Pedagogy is the discipline that deals with the theory and practice of teaching. Pedagogy informs teaching strategies, teacher actions, and teacher judgments and decisions by taking into consideration theories of learning, understandings of students and their needs, and the backgrounds and interests of individual students. The teaching of global political economy (GPE) offers an alternative, and a challenge, to conventional economics education. Its emphasis on the competing currents of economic thought and their association with rival political philosophies adds complexity to the subject. However, this engagement with controversial issues creates more intellectual excitement than a narrow, “technical” treatment of orthodox analysis. There is also more scope for students to link their own personal experiences with the broader concerns of political economy. By emphasizing a liberal educational philosophy, educators can attain a more grounded approach to study, relating to students’ own experiences and more explicitly acknowledging the role of personal and political values. Scholars argue that there are viable alternatives to the standard micro-macro-quantitative curriculum and to the conventional teaching of economics. A pedagogy emphasizing controversies, linking competing economic analyses and different political perspectives, is possible. Ultimately, the teaching of global political economy has some inherent advantages as a means of interesting and engaging students.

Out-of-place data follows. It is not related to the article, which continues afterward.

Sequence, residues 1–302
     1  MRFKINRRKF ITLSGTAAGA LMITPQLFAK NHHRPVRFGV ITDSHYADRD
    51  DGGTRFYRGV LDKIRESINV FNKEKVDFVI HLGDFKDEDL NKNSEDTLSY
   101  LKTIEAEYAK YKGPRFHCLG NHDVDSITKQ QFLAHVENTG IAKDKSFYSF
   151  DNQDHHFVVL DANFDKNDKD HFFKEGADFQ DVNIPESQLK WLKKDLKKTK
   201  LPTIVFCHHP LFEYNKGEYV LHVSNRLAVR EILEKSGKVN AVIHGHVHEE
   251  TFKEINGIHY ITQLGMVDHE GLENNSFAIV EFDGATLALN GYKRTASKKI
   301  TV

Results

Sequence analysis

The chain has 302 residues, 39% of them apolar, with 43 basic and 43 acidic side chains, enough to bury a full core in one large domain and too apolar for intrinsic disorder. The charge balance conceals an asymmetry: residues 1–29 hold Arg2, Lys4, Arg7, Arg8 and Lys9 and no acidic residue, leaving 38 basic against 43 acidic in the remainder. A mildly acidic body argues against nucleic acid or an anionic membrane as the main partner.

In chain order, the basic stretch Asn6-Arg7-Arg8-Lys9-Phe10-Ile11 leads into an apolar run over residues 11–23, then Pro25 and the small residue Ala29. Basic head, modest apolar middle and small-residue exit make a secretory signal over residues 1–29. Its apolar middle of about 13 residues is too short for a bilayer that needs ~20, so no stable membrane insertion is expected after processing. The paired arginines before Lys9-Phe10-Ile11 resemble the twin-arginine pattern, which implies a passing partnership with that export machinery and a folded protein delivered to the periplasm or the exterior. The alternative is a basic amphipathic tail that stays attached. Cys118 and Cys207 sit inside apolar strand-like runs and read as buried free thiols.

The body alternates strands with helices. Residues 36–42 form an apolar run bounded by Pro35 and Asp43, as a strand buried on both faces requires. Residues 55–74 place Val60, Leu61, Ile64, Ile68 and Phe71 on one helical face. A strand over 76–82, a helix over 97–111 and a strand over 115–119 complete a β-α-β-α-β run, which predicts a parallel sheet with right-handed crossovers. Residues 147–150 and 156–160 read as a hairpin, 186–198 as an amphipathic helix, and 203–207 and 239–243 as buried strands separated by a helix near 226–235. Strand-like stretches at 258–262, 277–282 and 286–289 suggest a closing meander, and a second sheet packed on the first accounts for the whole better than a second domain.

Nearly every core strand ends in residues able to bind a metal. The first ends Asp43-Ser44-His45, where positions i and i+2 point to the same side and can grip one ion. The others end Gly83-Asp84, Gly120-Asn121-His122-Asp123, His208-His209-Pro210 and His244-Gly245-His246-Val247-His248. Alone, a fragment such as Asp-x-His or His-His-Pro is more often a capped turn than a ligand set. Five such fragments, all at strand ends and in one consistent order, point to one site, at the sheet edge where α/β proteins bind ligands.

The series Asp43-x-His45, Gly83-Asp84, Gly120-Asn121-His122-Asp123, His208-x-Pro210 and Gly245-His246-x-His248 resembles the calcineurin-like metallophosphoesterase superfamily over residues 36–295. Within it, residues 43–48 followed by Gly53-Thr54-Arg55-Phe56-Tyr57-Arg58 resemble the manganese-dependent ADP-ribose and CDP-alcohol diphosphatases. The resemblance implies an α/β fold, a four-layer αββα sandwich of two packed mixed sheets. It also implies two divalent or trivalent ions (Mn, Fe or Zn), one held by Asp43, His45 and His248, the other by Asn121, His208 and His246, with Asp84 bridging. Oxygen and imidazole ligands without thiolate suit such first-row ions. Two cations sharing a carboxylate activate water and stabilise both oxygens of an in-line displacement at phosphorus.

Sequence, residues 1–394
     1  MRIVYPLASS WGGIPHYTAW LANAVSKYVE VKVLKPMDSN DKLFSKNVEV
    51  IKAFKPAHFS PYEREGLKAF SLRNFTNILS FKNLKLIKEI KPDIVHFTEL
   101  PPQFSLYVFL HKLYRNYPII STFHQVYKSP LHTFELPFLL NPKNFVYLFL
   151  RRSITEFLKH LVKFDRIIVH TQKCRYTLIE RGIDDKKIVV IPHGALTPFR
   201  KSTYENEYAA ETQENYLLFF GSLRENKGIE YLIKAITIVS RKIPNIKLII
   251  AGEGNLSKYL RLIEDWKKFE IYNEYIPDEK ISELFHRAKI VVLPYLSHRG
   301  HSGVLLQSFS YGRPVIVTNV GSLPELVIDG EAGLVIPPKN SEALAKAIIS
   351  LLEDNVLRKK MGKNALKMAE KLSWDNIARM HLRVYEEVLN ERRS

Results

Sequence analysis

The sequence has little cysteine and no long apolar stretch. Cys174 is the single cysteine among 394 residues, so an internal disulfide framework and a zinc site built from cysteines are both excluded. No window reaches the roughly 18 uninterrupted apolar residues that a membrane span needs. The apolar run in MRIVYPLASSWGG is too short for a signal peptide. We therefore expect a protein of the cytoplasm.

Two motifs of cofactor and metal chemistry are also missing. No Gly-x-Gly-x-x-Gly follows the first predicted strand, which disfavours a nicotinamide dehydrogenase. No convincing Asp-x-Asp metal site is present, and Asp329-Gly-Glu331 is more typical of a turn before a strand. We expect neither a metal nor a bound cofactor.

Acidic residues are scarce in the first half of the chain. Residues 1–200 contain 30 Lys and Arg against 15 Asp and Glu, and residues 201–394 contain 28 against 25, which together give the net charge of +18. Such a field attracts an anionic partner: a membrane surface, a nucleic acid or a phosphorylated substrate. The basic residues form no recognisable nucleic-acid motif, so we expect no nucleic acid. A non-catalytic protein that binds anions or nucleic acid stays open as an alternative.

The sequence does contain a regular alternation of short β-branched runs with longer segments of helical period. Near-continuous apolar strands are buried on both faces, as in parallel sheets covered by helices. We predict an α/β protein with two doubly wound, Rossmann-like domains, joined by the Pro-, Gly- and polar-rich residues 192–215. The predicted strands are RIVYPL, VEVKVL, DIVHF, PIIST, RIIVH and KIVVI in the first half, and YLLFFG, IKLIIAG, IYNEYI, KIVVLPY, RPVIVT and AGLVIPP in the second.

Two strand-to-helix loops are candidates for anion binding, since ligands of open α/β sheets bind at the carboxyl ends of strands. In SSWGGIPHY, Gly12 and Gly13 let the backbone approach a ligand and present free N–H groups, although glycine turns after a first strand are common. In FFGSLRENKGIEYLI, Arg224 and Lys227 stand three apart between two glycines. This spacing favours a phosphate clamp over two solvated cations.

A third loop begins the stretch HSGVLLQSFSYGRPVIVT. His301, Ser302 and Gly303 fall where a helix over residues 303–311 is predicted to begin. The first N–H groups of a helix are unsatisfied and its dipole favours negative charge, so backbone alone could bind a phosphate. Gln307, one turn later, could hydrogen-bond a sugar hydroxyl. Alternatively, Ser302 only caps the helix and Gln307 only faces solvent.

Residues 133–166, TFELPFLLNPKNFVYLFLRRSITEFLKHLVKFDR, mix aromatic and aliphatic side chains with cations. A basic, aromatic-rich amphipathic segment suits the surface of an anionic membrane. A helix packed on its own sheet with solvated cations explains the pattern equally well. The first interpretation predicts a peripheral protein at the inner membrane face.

Article

Teaching Ethnicity, Nationalism, and Migration Studies  

Craig Douglas Albert and Mary Frances Rosett Lebamoff